Nobel laureate in economics, famous economist and geographer, and member of the American Philosophical Society, Paul Krugman, expressed his latest opinion on stablecoins. He did so on his official Twitter page.
This, by Gorton and Zhang, is very good: stablecoins are just a modern version of free banking, in which private banks issued their own notes supposedly backed by specie. That system was crisis-ridden, and the same will be true no https://t.co/KQynhZfgVK— Paul Krugman (@paulkrugman) July 18, 2021
A modern version of free banking
Thus, Dr. Krugman praised the joint scientific work of economists Gary Gorton and Jeffrey Zang, entitled "Taming Wildcat Stablecoins," expressing his full agreement with what was written there.
Then he continued his thoughts by comparing stablecoins to banks. Dr. Krugman noted that stablecoins are just a modern version of free banking.
The Nobel laureate clarified that, under free banking, banks issued their own banknotes, which were typically backed by metal coins.
Nevertheless, Dr. Krugman pointed to the fact that this system was subjected to a crisis, comparing this scenario to stablecoins.
This approach of the legendary economist was met with controversy by some members of the crypto community. And yet, Paul Krugman is among those persons who have always been skeptical of cryptocurrencies.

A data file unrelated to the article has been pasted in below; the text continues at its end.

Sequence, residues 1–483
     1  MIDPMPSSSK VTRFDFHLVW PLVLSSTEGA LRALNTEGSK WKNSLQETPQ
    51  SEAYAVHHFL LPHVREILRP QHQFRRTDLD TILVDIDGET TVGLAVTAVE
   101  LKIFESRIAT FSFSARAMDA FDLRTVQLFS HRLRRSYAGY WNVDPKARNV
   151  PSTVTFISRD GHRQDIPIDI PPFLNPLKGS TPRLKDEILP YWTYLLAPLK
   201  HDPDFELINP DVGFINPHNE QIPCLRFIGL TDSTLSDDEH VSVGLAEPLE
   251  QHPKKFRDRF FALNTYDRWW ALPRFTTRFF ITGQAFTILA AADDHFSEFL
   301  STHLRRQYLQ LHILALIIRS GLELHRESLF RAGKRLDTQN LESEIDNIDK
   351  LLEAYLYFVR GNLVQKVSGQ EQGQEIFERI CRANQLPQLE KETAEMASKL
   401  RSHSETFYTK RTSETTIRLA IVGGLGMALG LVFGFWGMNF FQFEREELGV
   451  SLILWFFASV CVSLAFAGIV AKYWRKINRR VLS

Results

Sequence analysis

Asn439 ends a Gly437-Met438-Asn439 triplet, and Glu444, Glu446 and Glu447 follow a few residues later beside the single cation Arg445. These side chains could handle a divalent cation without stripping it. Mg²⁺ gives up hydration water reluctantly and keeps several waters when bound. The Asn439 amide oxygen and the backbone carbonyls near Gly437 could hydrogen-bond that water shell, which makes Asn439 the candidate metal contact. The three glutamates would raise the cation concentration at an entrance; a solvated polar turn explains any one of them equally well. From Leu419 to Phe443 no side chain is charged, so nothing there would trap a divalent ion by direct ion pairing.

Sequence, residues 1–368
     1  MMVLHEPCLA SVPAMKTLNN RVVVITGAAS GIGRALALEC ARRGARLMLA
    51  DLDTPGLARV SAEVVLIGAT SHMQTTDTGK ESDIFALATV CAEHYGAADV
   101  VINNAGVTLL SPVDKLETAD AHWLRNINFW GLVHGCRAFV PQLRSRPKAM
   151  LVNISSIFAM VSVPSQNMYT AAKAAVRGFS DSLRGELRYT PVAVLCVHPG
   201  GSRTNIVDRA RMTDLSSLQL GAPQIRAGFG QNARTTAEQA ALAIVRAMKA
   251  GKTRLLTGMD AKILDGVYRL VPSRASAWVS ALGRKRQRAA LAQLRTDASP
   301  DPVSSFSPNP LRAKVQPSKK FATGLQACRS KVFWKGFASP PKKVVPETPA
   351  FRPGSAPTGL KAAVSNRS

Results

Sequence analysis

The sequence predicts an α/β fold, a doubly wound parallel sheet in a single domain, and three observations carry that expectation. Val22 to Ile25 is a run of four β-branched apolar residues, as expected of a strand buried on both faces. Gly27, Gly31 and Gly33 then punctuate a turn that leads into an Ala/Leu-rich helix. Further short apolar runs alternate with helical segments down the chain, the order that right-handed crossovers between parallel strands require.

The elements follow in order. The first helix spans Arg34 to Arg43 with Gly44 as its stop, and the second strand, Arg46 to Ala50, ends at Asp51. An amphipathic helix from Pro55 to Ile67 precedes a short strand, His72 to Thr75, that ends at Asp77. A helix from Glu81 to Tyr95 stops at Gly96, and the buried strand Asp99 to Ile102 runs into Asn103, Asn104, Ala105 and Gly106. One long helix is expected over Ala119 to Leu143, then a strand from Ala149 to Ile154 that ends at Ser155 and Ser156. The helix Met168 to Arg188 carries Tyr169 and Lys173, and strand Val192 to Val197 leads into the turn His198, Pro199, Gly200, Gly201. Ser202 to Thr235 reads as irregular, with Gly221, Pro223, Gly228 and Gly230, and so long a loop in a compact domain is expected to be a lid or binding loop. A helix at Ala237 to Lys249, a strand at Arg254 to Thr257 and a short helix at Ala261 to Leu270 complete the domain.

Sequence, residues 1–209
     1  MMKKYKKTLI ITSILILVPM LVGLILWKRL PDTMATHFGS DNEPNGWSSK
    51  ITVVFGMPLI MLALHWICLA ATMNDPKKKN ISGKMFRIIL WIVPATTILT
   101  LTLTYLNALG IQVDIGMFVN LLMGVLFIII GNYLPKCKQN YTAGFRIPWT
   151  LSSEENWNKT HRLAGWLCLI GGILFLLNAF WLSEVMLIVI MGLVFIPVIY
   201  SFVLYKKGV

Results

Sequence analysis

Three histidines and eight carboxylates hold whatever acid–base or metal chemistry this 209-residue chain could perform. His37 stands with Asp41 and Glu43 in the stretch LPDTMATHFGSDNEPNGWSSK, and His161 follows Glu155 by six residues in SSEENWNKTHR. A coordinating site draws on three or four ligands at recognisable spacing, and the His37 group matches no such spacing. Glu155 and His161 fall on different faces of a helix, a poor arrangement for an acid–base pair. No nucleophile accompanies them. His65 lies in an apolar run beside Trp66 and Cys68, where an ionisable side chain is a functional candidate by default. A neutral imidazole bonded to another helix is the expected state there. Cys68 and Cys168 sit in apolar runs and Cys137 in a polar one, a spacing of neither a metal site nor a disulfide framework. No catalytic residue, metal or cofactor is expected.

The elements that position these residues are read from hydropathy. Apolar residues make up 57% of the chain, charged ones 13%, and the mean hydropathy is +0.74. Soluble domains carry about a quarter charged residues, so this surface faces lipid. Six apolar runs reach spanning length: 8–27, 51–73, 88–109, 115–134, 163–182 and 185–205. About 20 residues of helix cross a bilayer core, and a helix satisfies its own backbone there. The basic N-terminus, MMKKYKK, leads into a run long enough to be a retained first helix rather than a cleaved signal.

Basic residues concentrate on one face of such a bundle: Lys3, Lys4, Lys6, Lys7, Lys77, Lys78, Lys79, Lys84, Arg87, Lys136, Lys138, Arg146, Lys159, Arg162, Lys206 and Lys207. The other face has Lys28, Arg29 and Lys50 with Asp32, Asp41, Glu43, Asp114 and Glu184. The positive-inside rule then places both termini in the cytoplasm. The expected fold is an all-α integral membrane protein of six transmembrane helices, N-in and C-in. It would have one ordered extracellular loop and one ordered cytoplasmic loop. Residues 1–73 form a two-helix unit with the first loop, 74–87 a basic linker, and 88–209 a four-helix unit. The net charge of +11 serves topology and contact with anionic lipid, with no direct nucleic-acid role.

Is Bitcoin a Ponzi scheme?
Recall that, in 2018, he called Bitcoin "evil" and described cryptocurrencies as "the embodiment of economic regression, throwing the financial system back 300 years."
As an "old school" economist, Dr. Krugman previously compared the cryptocurrency market to a pyramid scheme. It should be noted that in his New York Times article, the prominent American economist called the crypto-assets industry a "long-standing Ponzi scheme."
The Nobel laureate argues that Ponzi schemes are quite capable of working for many years and added that cryptocurrencies are kept afloat by "complicated technical terminology and claims about the inevitable collapse of fiat currencies."
Cryptocurrencies can be equal to gold
Still, the economist admits that "one or two" cryptocurrencies could eventually reach the same status as gold—if the spread of altcoins does not prevent it.
Paul Krugman previously stated that the U.S. government may do away with cryptocurrency the same way it did with gold in the 1930s. At that time, the U.S. government seized gold from the U.S. population.